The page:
13 PORTAL HYPERTENSION AND GI BLEEDING/BOSCH ET AL 15 Figure 5 Prevention of first variceal bleeding. Meta-analysis (random effects model) of randomized controlled trials comparing endoscopic band ligation with b-adrenergic blockers in the prevention of first variceal bleeding. (A) Bleeding. (B) Mortality. EBL, endoscopic band ligation; RR, relative risk; CI, confidence interval. Unanswered Issues HVPG MONITORING Three longitudinal studies have demonstrated that a sufficient HVPG decrease (to 12 mm Hg or below or of more than 20% from baseline) is associated with an effective protection from first variceal bleeding. 12,18,142 This leads to the question of whether HVPG measurements should be used to monitor PP response to drug treatment in clinical practice. Two simulation analyses have yielded conflicting results, one suggesting that HVPG monitoring might be cost-effective in primary prophylaxis, 146 and the other arriving at the opposite conclusion. 147 The main problem is that the assumptions of these analyses (i.e., how to manage nonresponders to medical treatment) have never been tested in randomized controlled trials. A recent study of HVPG-guided therapy suggested that the shift of nonresponders from b-blockers to EBL does not improve the outcome. 148 The issue will remain hypothetical until HVPG-guided therapy is proven to be better than empirical approaches in randomized controlled trials.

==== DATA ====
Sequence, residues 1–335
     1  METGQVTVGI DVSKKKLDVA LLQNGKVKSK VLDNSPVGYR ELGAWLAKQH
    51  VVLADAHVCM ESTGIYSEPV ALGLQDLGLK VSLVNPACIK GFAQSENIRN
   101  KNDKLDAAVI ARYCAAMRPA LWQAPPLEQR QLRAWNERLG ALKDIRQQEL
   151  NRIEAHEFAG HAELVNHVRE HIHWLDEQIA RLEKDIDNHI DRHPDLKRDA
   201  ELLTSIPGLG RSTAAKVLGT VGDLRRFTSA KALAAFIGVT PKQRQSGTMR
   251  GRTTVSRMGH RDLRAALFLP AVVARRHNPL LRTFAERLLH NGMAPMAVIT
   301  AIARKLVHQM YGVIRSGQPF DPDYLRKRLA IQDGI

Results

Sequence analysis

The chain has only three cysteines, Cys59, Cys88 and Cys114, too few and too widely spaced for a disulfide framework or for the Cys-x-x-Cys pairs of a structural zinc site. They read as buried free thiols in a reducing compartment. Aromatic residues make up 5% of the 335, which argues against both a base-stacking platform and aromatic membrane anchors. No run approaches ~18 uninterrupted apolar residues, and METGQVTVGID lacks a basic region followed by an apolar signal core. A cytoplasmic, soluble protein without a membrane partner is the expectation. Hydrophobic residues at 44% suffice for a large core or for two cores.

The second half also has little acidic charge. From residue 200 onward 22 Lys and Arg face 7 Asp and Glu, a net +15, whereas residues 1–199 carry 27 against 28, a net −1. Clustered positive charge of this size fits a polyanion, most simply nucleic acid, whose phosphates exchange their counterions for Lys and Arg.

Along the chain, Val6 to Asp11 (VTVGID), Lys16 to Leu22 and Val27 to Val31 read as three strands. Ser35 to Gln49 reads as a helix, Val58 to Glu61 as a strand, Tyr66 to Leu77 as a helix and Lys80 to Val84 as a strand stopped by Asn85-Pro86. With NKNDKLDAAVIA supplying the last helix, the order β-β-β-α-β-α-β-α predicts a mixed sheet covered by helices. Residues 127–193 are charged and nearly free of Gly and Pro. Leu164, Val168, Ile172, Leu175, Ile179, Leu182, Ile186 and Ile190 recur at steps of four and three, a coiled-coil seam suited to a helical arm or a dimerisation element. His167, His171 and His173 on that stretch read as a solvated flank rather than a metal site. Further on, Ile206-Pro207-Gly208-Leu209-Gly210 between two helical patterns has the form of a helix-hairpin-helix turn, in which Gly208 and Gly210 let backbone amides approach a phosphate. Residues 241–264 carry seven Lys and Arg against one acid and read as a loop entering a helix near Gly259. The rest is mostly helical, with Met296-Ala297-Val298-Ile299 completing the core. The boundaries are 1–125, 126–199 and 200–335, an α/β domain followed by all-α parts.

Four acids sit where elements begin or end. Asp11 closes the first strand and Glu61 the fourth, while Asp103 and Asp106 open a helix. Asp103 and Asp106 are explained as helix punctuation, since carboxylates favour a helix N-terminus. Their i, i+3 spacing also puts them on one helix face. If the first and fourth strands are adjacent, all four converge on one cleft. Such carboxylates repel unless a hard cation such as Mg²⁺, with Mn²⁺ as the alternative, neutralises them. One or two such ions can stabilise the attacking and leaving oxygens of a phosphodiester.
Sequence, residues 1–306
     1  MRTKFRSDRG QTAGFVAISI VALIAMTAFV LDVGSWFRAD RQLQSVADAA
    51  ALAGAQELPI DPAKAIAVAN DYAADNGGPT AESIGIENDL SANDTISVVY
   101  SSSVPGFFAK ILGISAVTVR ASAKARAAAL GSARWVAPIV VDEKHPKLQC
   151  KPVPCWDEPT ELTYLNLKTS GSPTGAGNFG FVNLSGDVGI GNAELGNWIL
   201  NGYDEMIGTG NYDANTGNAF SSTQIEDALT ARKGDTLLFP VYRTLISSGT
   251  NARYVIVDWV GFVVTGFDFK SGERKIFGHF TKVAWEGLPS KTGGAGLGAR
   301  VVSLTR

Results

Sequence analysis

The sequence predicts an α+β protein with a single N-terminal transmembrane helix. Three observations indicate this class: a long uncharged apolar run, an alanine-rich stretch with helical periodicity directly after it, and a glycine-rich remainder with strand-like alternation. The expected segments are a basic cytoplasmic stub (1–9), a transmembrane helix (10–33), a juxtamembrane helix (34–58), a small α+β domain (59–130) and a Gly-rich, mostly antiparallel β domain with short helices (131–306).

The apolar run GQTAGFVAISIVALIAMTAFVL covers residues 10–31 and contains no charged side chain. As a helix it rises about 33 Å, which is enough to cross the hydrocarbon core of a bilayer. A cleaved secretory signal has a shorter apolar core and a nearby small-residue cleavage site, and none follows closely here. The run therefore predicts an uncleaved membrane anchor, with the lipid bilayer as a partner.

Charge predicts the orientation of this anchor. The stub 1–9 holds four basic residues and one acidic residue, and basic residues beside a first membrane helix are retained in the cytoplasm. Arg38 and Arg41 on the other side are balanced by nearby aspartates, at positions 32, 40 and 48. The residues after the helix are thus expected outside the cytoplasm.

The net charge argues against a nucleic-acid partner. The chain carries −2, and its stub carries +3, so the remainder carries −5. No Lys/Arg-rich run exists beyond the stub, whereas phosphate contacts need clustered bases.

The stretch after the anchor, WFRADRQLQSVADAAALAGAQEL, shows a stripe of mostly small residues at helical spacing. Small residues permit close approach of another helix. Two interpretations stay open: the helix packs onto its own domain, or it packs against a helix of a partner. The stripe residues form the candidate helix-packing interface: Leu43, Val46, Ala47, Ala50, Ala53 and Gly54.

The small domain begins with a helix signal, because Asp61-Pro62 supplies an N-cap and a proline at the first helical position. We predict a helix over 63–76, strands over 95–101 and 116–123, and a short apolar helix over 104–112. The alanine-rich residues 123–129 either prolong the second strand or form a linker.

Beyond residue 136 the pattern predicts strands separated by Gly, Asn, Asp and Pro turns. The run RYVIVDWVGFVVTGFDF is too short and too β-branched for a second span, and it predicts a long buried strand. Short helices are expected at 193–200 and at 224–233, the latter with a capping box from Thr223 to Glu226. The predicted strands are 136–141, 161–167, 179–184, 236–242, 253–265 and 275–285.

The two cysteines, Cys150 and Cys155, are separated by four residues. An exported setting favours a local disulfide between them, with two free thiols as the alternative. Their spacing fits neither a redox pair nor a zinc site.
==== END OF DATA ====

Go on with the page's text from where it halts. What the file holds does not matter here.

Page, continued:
14 16 SEMINARS IN LIVER DISEASE/VOLUME 28, NUMBER Table 3 Prophylaxis of First Variceal Bleeding: Recommendations Patients without varices should be screened endoscopically for the appearance of varices every 2 to 3 years. Patients with moderate/large varices should be treated with a nonselective b-blocker if there are no contraindications. Patients with small varices with red signs or with advanced liver failure (Child-Pugh C) are at similar risk of bleeding as those with moderate/large varices and should be considered for preventive therapy. Patients with moderate/large varices with contraindications to or who cannot tolerate b-blockers should undergo endoscopic band ligation; band ligation might be used as the first choice in patients with large varices depending on patient s preferences and local resources. If no bleeding occurs treatment should be maintained for life (unless the liver disease improves and significant portal hypertension disappears). THE COMBINATION OF b-adrenergic BLOCKERS WITH NITRATES The addition of ISMN has been shown to significantly increase the long-term HVPG response to b-adrenergic blockers. 149 However, it is less clear whether the greater effect of this combination on PP translates into a greater clinical efficacy in primary prophylaxis. An open trial comparing nadolol to nadolol þ isosorbide mononitrate demonstrated a significantly lower rate of first bleeding in the combination group, without survival advantage. 150,151 However, a subsequent double-blind, placebo-controlled study including a large number of patients failed to confirm these results. 152 ENDOSCOPIC TREATMENT: HOW FREQUENT, HOW TO MONITOR THE TREATMENT There is no agreement on how frequently the varices should be ligated in the initial course of eradication. Some authors wait a minimum of 1 month between banding procedures, 130 while others perform EBL on a weekly basis. 125 Reported frequency of complications with the former strategy was lower than with the latter. A recent trial evaluated the effectiveness and complications of EBL performed every 2 weeks compared withevery 2 months. This trial included patients with and without previous bleeding, though most patients were treated for primary prophylaxis. 153 The 2-month interval scheme obtained a higher total eradication rate and a lower recurrence rate. No patient in either group developed variceal bleeding. Thus, although admittedly weak, current evidence favors monthly intervals. Follow-up endoscopies should be performed every 6 months and varices should be re-eradicated upon recurrence. This is in marked contrast to prophylaxis with b-blockers, in which no follow-up endoscopies are needed. PREVENTION OF RECURRENT BLEEDING FROM ESOPHAGEAL VARICES Patients surviving a first episode of variceal bleeding have a high risk of recurrent bleeding, of over 60% within 1 year from the first bleeding. Because of this, all patients surviving a variceal bleeding should receive active treatments for the prevention of rebleeding 21 (Fig. 6, Table 4). Figure 6 Reported variceal rebleeding rate with different treatment options. Constructed from data of randomized clinical trials for secondary prevention of variceal rebleeding. EIS, endoscopic injection sclerotherapy; BB, beta-blockers; EBL, endoscopic band ligation; ISMN, isosorbide-5-mononitrate; TIPS, transjugular intrahepatic portal-systemic shunts; DSRS, distal splenorenal shunt; HVPG, hepatic venous pressure gradient. (Based on data from Bosch J, Garcia-Pagan J. Prevention of variceal rebleeding. Lancet 2003;361: )